As we continue this series on my favorite songs by my favorite artists, Anathallo takes center stage with the forgotten song “To Gary and Marcus: The Sovereignty of God is Omnipresent.” Or, for the sake of easier reading, “Gary and Marcus.” This is a song that would seriously benefit from a listen to the song before reading the lyrics. Anathallo, especially in their earlier days, were very free form in their song structure and the musical progression lends itself to the emotive lyrics. Check it out:

“To Gary and Marcus: The Sovereignty of God is Omnipresent”

I could not come this time and stand on my feet.
I just thought of you and sank.
“I’m tough, I’m tough,” I told myself,
but I fell apart.

Thin arms cling lightly to my sunken chest.
I hold my breath.
Your sad eyes droop with hopelessness,
and I feel like I’m dying with you.
And I hold your toothpick ribcage.
And I pray aloud into your ear,

“Lord what would you have of me?
To plead before You for this child?
Why does faith seem so foreign to me now?”

Every time I see your beautiful faces
in my thoughts, or in something I see,
may faith stand firm.
Let it grow from grace I have received and know
that this grace abounds to you
so far away.


Pretty heavy song, no? Let’s get into it.

1. Rhyme Scheme – I scanned this song about a hundred times trying to find something. And it took some scraping to find two examples of slant rhymes, or rhymes that aren’t technically rhymes but kind-of-sort-of sound similar. Stanza 1 Line 1 has a slant of “time” and “my” and Stanza 2 has a slant on “chest” and “breath.” That’s it. These rhymes serve to bring some sort of loose unity to an otherwise very free form structure. I think it especially helps to have this near the beginning of the song.  It serves to bring the listener along without totally losing them in the radically different foundation of songwriting.
2. Meter – Again, free form. No pattern or repetition to be found, really.  When you listen to the song, though, it’s a hard fact to believe. The lines seem so rhythmic. But that could be because of the great jazz-like music that accompanies the lyrics. If there is a pattern, I can’t hammer it down.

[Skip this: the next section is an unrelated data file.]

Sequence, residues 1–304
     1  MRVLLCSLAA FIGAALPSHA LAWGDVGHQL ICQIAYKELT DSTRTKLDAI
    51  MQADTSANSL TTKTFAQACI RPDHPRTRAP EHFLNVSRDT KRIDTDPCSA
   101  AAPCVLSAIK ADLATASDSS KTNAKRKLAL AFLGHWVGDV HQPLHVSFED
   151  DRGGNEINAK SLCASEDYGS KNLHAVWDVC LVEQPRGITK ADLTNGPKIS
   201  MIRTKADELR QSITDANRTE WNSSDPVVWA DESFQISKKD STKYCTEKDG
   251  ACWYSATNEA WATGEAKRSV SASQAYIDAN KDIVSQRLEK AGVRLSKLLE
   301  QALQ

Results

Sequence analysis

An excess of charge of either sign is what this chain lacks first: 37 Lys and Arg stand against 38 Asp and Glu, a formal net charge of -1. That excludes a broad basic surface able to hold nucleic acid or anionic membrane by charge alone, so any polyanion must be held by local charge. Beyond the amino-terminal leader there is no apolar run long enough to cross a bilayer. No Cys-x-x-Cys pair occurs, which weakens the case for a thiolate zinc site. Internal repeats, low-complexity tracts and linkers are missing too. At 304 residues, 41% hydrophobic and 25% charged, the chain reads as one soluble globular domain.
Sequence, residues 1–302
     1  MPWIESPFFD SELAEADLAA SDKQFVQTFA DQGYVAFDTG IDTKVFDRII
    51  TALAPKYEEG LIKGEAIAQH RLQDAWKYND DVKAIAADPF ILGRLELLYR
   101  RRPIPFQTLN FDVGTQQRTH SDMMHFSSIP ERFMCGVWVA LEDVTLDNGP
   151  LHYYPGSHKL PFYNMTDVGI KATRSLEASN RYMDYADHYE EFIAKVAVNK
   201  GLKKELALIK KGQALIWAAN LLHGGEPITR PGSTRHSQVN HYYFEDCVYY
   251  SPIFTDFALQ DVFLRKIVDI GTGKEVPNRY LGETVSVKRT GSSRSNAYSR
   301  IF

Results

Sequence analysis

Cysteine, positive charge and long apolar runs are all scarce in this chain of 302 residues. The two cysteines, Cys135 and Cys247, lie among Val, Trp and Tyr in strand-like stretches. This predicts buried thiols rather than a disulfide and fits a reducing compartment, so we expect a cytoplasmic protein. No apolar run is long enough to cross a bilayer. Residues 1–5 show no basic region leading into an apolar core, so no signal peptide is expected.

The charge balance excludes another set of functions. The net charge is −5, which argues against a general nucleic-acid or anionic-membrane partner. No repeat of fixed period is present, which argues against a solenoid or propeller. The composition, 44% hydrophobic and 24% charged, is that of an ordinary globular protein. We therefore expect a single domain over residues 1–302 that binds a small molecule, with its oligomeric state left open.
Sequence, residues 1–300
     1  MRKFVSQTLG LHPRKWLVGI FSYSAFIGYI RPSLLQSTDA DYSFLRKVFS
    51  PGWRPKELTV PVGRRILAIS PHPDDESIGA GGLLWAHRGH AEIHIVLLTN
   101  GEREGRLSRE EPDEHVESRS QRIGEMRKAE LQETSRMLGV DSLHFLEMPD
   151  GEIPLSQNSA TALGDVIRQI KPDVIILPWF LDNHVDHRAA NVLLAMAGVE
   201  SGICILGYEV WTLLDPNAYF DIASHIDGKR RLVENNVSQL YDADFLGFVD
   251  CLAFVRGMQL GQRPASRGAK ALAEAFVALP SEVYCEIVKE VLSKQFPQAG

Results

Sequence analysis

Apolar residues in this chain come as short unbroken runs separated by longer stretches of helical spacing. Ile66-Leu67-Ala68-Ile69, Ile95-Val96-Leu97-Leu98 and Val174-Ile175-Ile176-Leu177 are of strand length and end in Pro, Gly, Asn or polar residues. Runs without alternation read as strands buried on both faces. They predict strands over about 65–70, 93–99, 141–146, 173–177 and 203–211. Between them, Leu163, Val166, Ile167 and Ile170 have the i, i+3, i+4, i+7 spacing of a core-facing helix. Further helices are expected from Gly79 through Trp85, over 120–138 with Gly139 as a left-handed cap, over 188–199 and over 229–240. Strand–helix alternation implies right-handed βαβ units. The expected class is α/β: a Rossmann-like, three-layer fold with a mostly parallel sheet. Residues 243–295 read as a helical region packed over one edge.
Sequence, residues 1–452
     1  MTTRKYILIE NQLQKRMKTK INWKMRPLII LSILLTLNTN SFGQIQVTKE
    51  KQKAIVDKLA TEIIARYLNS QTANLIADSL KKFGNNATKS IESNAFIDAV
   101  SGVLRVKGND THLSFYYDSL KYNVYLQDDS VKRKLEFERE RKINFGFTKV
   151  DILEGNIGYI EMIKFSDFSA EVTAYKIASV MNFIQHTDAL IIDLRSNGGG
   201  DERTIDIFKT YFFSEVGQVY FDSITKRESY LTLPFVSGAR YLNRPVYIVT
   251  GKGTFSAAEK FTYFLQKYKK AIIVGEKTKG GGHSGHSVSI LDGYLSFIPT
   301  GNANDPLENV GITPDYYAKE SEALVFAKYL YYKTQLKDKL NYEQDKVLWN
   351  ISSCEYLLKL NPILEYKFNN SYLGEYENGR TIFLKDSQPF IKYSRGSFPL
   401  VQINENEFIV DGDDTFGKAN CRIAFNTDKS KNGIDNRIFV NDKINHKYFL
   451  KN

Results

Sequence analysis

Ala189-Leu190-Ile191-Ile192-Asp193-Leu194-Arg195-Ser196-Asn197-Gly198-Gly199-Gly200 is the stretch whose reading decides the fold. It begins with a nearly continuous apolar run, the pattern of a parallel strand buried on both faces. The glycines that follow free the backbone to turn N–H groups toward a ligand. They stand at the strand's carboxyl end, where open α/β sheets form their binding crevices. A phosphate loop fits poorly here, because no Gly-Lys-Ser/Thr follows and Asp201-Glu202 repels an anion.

3. Diction/Devices – Alliteration, Repetition. “I’m tough I’m tough I told myself,” and “Thin arms cling lightly…” and “Why does faith seem so foreign…” are great examples. Come to think of it, these devices might be what lends to the “sneaky-rhythm” in the song.  Even in free form, something has to ground the song for it to succeed. I strongly believe its these devices that do it.

On the Diction side of things, we some extraordinary word choice. “Toothpick ribcage” and “sunken chest” evoke strong images. And I was particularly struck in the last stanza where we see Matt Joynt (the lyricist and frontman) refer to God’s “beautiful faces,” a reminder that God has many ways to reveal himself and has “face” in different forms. Love Love Love it.

1. The Problem of Suffering Children – Joynt lays out a story (no doubt personal) of the narrator looking upon a dying child and wondering what he can do, and how to reconcile this with his faith.  He even expresses his doubts in what he believes, “Why does faith seem so foreign to me now?”  “Lord, what would you have of me?” Questions that are, no doubt, legitimate and worthy of pondering.
2. The Frailty of Humans – While Joynt highlights the awfulness of dying children, he also showcases the frailty of the narrator.  This situation leads him down a path of tremendous frailty and weakness. And just as this child he sings about is sick and dying, so too is his disposition and faith. It’s almost a commentary on physical sickness begetting emotional and spiritual sickness.